I’ve come to appreciate that sort of thing – as I a) grow older and b) play more Warcraft I’ve become accustomed to a system that keeps track of my character’s various statuses and advantages and disadvantages for me, and displays the results in terms of an actual thingummybob that I can look at and recognise and go “ah, that’s that one, that means I can do this or I have to do that”. It’s… tactile. Tactile’s the word for which I’m groping. I like the business of actually handling paper rulebooks and physically being in the same room and having a plain old pencil in my hand when I roleplay, and WFRP.3 draws on that feeling of tactility and harnesses it for ease of play.

And it is easy, once you’ve overcome the initial oddities. Much like Vampire: the Requiem, another revamp of which I’ve come to think more kindly in the last few years, WFRP.3 is a single-roll system where modifiers are expressed by changing the number of dice you roll – and, in WFRP.3, the type. If you’re just an untrained schlub, you roll a handful of blue d8s. If you’re being aggressive/defensive, you swap some of them for red/green d10s, and you know how many you swap because you have an aggression tracker right there in front of you, with a counter showing how many dice you swap in and out. If you have a skill, you add a yellow d6 or two. Black and white d6s represent good or bad luck. There’s a purple d8 which, as far as I can tell, is the “your GM hates you” die.

All those dice have symbols on them. You bung the dice down, look at the symbols, and then look at the card for the action that you’re trying to use. Most cards have an aggressive and a defensive option – and again, you know if you’re being aggressive or defensive because you physically flipped the card over to show the red or green side.  The card tells you what all the symbols do – if you have this many little hammers, that happens – but if you also have that many little skulls, this happens and that’s bad – and if you got a comet on one of your yellow dice, you did something totally awesome. There’s a little bit of maths involved for damage, but it’s of the “add this to your weapon damage and take away their toughness” variety, which the GM can do almost reflexively when handing out or putting down the wound tokens or fatigue/stress counters.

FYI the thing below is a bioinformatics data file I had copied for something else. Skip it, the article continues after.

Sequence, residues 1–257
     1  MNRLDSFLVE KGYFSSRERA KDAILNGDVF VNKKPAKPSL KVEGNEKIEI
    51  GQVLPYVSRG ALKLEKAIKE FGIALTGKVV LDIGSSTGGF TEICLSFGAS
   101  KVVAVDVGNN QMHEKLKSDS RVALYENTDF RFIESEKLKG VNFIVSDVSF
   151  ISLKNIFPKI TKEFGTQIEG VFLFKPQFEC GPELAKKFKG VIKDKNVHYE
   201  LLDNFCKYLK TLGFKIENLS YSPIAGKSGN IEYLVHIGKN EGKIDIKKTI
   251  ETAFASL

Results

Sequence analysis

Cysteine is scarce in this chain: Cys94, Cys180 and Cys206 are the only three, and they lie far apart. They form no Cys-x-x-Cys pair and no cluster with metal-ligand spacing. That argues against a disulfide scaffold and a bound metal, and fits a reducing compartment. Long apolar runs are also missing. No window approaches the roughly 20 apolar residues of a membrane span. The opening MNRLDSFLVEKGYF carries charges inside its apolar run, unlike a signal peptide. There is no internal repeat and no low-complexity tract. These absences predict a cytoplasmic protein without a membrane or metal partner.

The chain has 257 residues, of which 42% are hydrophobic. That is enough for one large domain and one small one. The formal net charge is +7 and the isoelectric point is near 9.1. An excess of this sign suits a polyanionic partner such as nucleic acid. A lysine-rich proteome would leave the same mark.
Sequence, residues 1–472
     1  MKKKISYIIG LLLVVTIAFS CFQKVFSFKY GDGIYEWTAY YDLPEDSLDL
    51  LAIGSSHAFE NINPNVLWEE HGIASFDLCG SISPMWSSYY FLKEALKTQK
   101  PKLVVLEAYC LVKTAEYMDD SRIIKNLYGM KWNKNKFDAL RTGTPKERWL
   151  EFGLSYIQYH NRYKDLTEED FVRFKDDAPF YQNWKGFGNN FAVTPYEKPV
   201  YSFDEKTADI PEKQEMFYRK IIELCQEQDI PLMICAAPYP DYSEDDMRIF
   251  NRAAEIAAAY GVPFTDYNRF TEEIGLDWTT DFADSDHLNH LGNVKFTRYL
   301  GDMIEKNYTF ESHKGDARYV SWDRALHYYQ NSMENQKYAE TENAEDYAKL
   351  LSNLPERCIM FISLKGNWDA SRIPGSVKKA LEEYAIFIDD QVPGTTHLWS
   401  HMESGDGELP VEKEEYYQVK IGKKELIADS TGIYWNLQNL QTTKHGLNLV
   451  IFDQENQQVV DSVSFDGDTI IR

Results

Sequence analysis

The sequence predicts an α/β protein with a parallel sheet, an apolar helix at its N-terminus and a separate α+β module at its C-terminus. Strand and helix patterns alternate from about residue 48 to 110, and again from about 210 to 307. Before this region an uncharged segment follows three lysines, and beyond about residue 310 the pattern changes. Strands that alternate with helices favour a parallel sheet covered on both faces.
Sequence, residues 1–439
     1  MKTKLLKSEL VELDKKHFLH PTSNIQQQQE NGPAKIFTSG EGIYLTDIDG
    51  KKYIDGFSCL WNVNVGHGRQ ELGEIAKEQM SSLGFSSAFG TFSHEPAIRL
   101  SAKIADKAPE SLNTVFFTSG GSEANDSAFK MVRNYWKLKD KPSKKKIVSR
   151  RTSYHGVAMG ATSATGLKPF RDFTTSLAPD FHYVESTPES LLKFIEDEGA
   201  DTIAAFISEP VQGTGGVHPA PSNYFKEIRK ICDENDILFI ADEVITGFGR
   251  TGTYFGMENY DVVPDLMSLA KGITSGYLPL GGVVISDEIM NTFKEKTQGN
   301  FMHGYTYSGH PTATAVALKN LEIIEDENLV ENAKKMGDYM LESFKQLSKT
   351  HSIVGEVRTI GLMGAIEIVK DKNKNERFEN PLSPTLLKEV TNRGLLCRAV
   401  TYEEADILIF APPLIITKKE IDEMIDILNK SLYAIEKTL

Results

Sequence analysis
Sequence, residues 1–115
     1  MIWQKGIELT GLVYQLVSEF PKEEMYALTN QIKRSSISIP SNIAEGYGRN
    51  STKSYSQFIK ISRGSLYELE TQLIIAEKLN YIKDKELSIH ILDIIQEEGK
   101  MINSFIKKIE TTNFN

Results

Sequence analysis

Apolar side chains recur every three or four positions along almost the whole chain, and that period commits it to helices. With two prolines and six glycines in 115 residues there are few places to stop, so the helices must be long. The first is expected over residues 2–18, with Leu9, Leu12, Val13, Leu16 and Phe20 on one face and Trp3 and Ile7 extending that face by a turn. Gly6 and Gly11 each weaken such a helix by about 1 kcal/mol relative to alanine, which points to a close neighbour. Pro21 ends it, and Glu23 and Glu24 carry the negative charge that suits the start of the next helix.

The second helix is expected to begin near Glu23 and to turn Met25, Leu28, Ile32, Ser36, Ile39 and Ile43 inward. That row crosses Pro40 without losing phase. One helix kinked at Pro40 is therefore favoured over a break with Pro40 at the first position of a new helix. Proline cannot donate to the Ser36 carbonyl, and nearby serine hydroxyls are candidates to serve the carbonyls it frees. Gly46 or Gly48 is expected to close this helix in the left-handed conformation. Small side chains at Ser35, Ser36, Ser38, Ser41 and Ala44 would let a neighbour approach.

You have a lot of dice and a lot of counters and I piss and moan until the sky falls in when this sort of thing pops up in wargames, so why am I okay with it here? Because of the way WFRP.3 uses table space. There’s no giant map in the middle and, unlike some modern RPGs, there’s no sense that you’re obliged to use miniatures and precisely delineate ranges and spaces. Encounters involve a few sturdy cardboard figures clipped to plastic bases, a couple of cards defining aspects of the terrain – “road” or “forest” or “coach” and how they modify your die pools – and a set of range bands, essentially long-medium-short-engaged. That’s it. Everything’s expressed in those terms. It’s a nice compromise, about as complex and detailed as the maps I naturally tend to draw for combats and not prompting or asking you to keep track of every last rock, bush and crate on the landscape in case some bugger’s trying something complicated. Trying something complicated is just Pulling A Stunt and the player can describe whatever the hell they like.

That’s all very well and good, I hear you ask, but is it fun? Well, this Wednesday, a batch of the Corehammer lads sat down, built characters and played through a sample combat encounter in about three hours. Once Rob-the-GM confirmed that Ogres were an option I became possessed by the idea of playing one, which is… unusual, for me. I’m basically playing the Squirrel character – get stuck in, smash things, doze off until someone tells me what to kill.

Tofu Bean – I don’t know why either, it’s something to do with Stevie’s Halfling being called Bunce and something to do with mocking Robb-the-Irish-vegan – is basically the party’s tank. I found myself thinking about World of Warcraft a lot in character generation; the range of various actions with, basically, a cooldown (number of recharge counters) feel very much like a WoW action bar, and I became fixated on the idea of having more interesting things to do than just make a basic melee attack or block every turn, so I loaded up on four extra combat actions and gave myself a little rotation: a fearsome Ogre roar to skew some die rolls in my favour, a shield bash to knock things down and set up my next attack, a duellist’s strike to do loads of extra damage, and a sword-and-board option for a bit of aggressive defence. I also picked a tactic that gave me extra dice if my opponents were using active defences (weaving around trying not to be hit) and another that would let me discard two skulls from one roll per combat, taking the edge off bad luck. The other thing I had my eye on was cards with lots of symbols on them; as an Ogre I could roll a lot of dice for Tofu’s melee attacks and I wanted to get the most out of doing so.